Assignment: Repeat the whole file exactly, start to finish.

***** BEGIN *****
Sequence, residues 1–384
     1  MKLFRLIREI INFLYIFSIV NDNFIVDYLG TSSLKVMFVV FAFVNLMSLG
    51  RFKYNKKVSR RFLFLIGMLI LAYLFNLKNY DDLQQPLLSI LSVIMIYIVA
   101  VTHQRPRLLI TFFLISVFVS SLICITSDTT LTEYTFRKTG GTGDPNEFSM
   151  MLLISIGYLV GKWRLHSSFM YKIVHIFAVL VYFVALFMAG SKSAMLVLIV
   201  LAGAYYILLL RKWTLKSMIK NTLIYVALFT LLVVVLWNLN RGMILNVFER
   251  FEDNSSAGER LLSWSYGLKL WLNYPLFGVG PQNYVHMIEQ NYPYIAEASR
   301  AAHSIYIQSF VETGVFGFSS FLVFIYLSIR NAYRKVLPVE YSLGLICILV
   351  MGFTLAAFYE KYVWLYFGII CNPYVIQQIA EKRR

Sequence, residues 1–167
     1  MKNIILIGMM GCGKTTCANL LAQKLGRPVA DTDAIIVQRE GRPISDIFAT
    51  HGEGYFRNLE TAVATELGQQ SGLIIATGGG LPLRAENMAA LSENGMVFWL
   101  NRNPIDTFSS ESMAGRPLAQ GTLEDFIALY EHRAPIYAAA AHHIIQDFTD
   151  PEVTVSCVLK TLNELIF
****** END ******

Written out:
Sequence, residues 1–384
     1  MKLFRLIREI INFLYIFSIV NDNFIVDYLG TSSLKVMFVV FAFVNLMSLG
    51  RFKYNKKVSR RFLFLIGMLI LAYLFNLKNY DDLQQPLLSI LSVIMIYIVA
   101  VTHQRPRLLI TFFLISVFVS SLICITSDTT LTEYTFRKTG GTGDPNEFSM
   151  MLLISIGYLV GKWRLHSSFM YKIVHIFAVL VYFVALFMAG SKSAMLVLIV
   201  LAGAYYILLL RKWTLKSMIK NTLIYVALFT LLVVVLWNLN RGMILNVFER
   251  FEDNSSAGER LLSWSYGLKL WLNYPLFGVG PQNYVHMIEQ NYPYIAEASR
   301  AAHSIYIQSF VETGVFGFSS FLVFIYLSIR NAYRKVLPVE YSLGLICILV
   351  MGFTLAAFYE KYVWLYFGII CNPYVIQQIA EKRR

Sequence, residues 1–167
     1  MKNIILIGMM GCGKTTCANL LAQKLGRPVA DTDAIIVQRE GRPISDIFAT
    51  HGEGYFRNLE TAVATELGQQ SGLIIATGGG LPLRAENMAA LSENGMVFWL
   101  NRNPIDTFSS ESMAGRPLAQ GTLEDFIALY EHRAPIYAAA AHHIIQDFTD
   151  PEVTVSCVLK TLNELIF